“Jo-Ann Raia is the best town clerk ever,” said George Doll, a shellfisherman and former Northport mayor. “If you need something from Jo-Ann, you got it.”
He said that he’s going to miss her after she retires at the end of the year.
Dedication and inspiration
“The town clerk needs to be available 24/7,” Raia said. Over the years, the phone would ring at all hours, sometimes from local funeral directors who needed deaths recorded so they could arrange for a burial. That aspect of the job sometimes entailed big black hearses with body bags pulling into her driveway at night.
“I just wonder what the neighbors thought,” she said. “People didn’t have SUVs years ago.”
The decision to not run for office again, Raia said, required serious consideration.
“My son said to me, ‘Mom, it’s time for you’,” she said. Her eyes welled up as she contemplates retiring in December.
“My sister died at age 84,” she said. “If I run for another term, I’ll be her age.”
Raia is an avid gardener and people tell her that her own property resembles an arboretum. She may help other people with landscaping in her retirement years and she may write a book. But she will remain living with her daughter Diane in Huntington.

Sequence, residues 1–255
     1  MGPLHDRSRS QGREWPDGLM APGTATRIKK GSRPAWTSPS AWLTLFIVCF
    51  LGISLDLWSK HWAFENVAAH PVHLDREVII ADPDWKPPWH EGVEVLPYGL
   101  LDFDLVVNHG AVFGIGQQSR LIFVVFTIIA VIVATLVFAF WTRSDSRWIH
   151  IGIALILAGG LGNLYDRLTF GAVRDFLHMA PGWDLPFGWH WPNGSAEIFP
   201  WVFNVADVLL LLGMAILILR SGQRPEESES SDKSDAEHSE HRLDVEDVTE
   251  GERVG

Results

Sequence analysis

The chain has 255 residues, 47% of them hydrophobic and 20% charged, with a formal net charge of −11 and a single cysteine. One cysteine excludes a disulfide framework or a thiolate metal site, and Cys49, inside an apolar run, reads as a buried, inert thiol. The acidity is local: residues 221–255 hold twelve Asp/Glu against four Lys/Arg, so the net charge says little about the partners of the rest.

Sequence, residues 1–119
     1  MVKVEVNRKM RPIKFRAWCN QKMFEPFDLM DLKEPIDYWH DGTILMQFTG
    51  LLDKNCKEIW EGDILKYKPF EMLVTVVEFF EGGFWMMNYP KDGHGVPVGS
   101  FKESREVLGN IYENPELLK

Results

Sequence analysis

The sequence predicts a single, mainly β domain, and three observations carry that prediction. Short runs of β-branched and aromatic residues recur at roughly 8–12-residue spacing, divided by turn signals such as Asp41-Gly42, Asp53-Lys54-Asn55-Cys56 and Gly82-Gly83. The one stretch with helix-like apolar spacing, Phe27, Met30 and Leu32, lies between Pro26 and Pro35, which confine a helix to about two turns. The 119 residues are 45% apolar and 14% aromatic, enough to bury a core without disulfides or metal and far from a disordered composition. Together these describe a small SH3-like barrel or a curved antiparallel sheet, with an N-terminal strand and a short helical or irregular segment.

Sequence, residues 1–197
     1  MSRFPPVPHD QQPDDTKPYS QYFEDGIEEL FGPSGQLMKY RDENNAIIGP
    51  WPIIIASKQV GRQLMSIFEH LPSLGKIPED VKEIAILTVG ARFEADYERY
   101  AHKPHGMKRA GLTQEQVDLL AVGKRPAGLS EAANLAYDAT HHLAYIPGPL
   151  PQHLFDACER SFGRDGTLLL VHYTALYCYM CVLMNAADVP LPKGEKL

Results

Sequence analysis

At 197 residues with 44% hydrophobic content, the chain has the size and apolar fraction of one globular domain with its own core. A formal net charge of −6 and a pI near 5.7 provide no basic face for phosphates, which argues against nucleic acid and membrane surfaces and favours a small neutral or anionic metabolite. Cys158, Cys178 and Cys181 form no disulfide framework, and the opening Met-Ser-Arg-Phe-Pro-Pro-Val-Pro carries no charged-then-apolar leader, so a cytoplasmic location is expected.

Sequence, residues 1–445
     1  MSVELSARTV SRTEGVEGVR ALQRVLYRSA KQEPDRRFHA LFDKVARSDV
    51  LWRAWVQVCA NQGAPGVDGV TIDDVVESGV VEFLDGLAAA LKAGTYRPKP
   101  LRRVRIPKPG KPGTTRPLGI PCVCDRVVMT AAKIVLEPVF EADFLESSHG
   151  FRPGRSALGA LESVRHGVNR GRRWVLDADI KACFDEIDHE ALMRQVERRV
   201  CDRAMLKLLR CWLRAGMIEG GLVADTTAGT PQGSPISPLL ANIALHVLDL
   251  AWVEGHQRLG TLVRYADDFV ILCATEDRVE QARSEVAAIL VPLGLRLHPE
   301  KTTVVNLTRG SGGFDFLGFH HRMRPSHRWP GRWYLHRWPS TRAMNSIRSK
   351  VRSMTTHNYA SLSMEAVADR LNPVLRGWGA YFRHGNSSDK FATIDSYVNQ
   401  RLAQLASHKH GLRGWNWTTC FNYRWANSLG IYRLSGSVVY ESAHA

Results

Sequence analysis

Raia’s son Andrew has been a state legislator representing Northport for the last 17 years. In November, his name will be on the ballot for town clerk.
“As much as I love being an assemblyman — I’d do it for another 17 years —you might say that I’ve been in training for the town clerk job since I was in 8th grade,” Andrew Raia said. “I can honestly say that I know this job backwards and forwards.”
The job is purely a public service position, he said.
“My mother has been so dedicated,” he said. “She’s been the clearinghouse for problems.”
Raia’s staff members show similar devotion and are quick to agree that she runs a tight ship.
“They stay because they like me,” Raia said.
Her comment drew enthusiastic agreement from her office staff, during a recent interview.
“Whoever takes over the town clerk job better be good,” Raia said. “And I hope their initials are A.R.”